Many of our postgraduates move into an academic career, either teaching or by taking up post-doctoral research positions in universities. Others join museums or national and regional heritage organisations. Some work in professional archaeology, in national or local planning departments, while others elect to use their analytical and presentation skills to gain positions in industry, commerce and government.
Archaeology in Leiden encompasses the study of societies and cultures from the past, aiming to reconstruct and revive them. Make a meaningful contribution to resolving present-day societal issues such as migration, globalisation and climate change, using your interest in the past.
Leiden’s Archaeology master’s degree has the most diverse programme in the Netherlands. Leiden also boasts the only independent Faculty of Archaeology in the Netherlands. The study programme offers various regional and thematic specialisations and the teaching programme is closely linked to ongoing research.
Our academic staff are involved in research all over the world, with a strong focus on field research. In addition, the programme emphasises ecology and geology, combined with both iconology and historical studies, as well as ethno-archaeological, anthropological and experimental approaches. A combination with modern museum practices and developments in archaeological heritage management broadens your scope even more.
As a student of one of our specialisations, you will gain in-depth knowledge of the discipline of your choice. At the same time, you will take part in ongoing debates about general theory, the development of new methods and the use of information technology.
Our teaching is multidisciplinary and uses theories, methods and techniques drawn from the humanities, social sciences and sciences. By regarding the matter from an ecologist's viewpoint, or seeing it through a geologist's or anthropologist's eye, you add great value to your studies and research.
Students who choose the Archaeological Science specialisation receive a Master of Science degree in Archaeology. For World Archaeology and Heritage and Museum Studies, you receive a Master of Arts degree in Archaeology.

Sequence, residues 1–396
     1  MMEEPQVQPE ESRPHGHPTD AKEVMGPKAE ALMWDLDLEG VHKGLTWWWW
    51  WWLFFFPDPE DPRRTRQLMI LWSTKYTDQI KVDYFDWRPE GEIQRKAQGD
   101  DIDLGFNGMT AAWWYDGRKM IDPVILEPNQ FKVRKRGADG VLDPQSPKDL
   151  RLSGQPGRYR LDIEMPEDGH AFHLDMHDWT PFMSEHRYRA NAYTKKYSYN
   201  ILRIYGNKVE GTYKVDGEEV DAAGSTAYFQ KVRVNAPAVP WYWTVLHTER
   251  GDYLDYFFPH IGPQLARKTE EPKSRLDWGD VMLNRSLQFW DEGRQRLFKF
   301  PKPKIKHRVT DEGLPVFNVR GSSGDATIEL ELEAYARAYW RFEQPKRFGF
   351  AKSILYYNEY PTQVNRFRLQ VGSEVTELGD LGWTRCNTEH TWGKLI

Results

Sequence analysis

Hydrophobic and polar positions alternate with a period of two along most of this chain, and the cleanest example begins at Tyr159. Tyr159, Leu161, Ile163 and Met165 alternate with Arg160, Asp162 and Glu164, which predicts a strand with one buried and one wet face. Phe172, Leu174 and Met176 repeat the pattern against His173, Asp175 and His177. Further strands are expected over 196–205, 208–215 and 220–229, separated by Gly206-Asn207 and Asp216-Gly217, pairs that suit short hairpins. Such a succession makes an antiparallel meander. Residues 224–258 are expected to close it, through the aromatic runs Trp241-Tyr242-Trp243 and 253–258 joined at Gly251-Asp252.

Please note this programme will be undergoing some changes for the 2017/18 entry and courses may be subject to change between now and the commencement of the programme in September 2017.
This programme offers you the chance to develop a detailed understanding of the application of geographical information science (GIS) and related technologies within the field of archaeology.
The programme retains a distinctive Scottish flavour, and students will benefit from the guidance of internationally recognised staff.
The programme combines the pedigree of Edinburgh’s GIS expertise with a long-established reputation in archaeological teaching and research.
You will gain a broad understanding of the use of GIS in archaeological surveying, recording and research and will be equipped with the analytical and communication skills necessary to work in this vibrant area.
Demand for the application of GIS within archaeology is growing at an unprecedented rate, including searching for new archaeological sites, determining the societal context of existing sites and examining the interplay between successive occupations of a site.
The proven ability of our GIS graduates in employment means our programme is held in high regard by a wide range of employers.
Applicants who applied after 12 December 2016 receiving an offer of admission, either unconditional or conditional, may be required to pay a tuition fee deposit. Please see the fees and costs section for more information.
The programme is organised into two semesters of taught courses, delivered through lectures and seminars, after which you will work towards your individual dissertation.
Compulsory courses typically will be:
In consultation with the Programme Director, you will choose from a range of option courses. We particularly recommend:
Courses are offered subject to timetabling and availability and are subject to change. Field trip
There is a field trip focusing on techniques for capturing geospatial information. This field trip has historically taken place at the Kindrogan Field Centre, Perthshire.
The expertise gained on this programme will allow you to continue to study or to pursue a career in surveying, illustration and 3D visualisation, digital archiving, heritage management, terrain modelling, database management, geomatics or consultancy.
Our GIS graduates have gained work in both public and private sector organisations, including Historic Scotland, English Heritage, the Royal Commission on the Ancient and Historical Monuments of Scotland, thinkWhere (formerly Forth Valley GIS) and CFA Archaeology.
You may also be interested in the following programmes: